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macrumors 68040
Original poster
Oct 3, 2009
The new Retina MBP poses a lot of questions. It's a great thing that you can have so many pixels on a relatively small screen, as it allows huge amounts of detail. However, screen elements that are bound to be a certain number of pixels in size will appear smaller than they were intended (a 100 x 100 pixel image will be the same number of pixels, but 4 times less the physical area than on the previous MBP).

So I do understand that the high pixel density causes some problems for apps that aren't designed for it. But what if I'm okay with that? What if I don't mind reading small text, and clicking on small buttons? In that case, in theory, wouldn't it be possible for every app to potentially make use of every pixel on the screen, without having to resort to pixel-doubling?

Apps would already work on a huge external monitor that may have the same number of pixels as the Retina MBP, so is this limitation purely arbitrary by Apple? Basically, is there going to be a flag in the app that says "Yes I'm ready for the Retina resolution, I will increase every interface element to compensate for the small pixels", otherwise OS X will deliberately make the app think that it's running on a standard-resolution screen?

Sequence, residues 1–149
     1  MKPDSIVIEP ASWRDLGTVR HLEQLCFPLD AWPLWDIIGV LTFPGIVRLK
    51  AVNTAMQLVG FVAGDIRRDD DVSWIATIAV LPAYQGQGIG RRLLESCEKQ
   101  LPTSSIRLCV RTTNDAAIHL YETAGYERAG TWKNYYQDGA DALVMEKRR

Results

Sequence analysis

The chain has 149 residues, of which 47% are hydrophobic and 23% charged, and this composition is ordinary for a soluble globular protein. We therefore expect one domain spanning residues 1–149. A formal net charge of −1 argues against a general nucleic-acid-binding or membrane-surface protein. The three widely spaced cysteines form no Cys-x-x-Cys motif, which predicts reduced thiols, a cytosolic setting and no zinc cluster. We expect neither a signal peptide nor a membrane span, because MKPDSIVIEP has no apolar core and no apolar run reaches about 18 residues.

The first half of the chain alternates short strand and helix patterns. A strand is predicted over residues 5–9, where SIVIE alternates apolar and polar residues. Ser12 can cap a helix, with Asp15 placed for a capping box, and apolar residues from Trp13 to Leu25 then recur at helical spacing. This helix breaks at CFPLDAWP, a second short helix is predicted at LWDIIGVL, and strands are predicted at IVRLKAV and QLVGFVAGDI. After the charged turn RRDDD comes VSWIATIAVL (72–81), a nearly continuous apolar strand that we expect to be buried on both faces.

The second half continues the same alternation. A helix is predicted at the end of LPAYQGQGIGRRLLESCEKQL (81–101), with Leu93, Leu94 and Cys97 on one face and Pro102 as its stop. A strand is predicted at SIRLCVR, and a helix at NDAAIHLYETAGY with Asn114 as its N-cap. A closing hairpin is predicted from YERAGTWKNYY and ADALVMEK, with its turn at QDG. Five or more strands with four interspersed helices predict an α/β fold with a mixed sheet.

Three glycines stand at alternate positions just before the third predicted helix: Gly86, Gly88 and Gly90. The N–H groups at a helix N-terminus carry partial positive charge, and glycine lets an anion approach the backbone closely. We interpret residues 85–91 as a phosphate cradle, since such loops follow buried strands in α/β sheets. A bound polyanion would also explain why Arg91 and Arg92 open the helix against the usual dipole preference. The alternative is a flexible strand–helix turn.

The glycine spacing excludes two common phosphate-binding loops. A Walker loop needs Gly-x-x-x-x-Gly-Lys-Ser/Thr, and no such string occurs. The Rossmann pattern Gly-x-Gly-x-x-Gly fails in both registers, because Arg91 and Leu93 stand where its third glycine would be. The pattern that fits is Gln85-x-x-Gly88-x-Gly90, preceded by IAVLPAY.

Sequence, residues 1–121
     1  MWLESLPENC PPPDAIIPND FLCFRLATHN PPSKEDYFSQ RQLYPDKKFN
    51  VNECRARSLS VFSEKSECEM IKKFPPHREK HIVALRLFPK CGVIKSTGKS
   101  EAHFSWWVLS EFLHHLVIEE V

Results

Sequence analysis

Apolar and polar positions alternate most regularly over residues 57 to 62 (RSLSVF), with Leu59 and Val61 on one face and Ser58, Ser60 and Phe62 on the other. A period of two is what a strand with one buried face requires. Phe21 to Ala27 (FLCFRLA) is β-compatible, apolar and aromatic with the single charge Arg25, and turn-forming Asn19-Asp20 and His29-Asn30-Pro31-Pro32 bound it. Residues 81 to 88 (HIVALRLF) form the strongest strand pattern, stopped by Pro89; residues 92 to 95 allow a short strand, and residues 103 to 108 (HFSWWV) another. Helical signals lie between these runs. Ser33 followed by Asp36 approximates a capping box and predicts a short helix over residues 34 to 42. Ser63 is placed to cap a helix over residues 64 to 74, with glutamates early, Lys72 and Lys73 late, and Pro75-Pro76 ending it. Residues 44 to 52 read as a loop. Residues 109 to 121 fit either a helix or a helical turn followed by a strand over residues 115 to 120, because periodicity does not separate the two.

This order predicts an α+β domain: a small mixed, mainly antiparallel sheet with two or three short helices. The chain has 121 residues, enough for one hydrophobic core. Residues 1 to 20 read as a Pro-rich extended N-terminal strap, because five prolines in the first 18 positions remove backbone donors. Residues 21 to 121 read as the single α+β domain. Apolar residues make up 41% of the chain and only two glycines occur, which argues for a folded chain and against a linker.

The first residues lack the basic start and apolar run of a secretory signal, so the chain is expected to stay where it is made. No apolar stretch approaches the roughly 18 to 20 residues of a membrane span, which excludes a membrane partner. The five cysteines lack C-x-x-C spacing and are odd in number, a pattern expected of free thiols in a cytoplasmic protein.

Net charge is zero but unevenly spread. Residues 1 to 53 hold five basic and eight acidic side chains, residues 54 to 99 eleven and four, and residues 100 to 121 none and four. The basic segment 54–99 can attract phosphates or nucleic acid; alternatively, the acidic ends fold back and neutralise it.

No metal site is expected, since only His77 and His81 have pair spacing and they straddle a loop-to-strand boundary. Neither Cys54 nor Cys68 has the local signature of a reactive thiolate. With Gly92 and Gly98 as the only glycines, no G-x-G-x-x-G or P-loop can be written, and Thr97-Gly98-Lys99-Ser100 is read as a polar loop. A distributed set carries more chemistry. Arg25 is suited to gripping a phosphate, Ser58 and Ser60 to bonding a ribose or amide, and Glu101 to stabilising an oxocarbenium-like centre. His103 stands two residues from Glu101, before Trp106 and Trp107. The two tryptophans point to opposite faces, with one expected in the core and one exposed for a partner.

I'd love some clarification! Thanks.


macrumors 68040
Feb 6, 2009
The 15" Retina Macbook Pro by default displays things at the same physical size as a 1440x900 display (same as old 15" Macbook Pro).

You can choose between a couple of options to increase or decrease the scale of everything.

It doesn't display some apps large and some apps small. It takes apps that do not have the larger Retina graphics and scales them up to be the same physical size as everything else.

If they displayed non-retina apps at native size on a 2880x1800 display it would be a pretty bad experience.

If you want more real estate so you can fit more things on screen, there is an option in the display preferences that lets you change the scaling. One of the options makes apps and text as physically small as it would be on a confidential 1920x1200 display, providing the same amount of real estate as the old 17" Macbook Pro.


macrumors 6502a
Jan 11, 2008
I think the issue with non-retina-enabled apps is that the OS reports the screen as 1440x900. The area taken up is the same, but each pixel being drawn by the app corresponds to 4 being displayed. Some things may not be as sharp, I suspect, e.g. Chrome, as they would be in a Retina-aware app.
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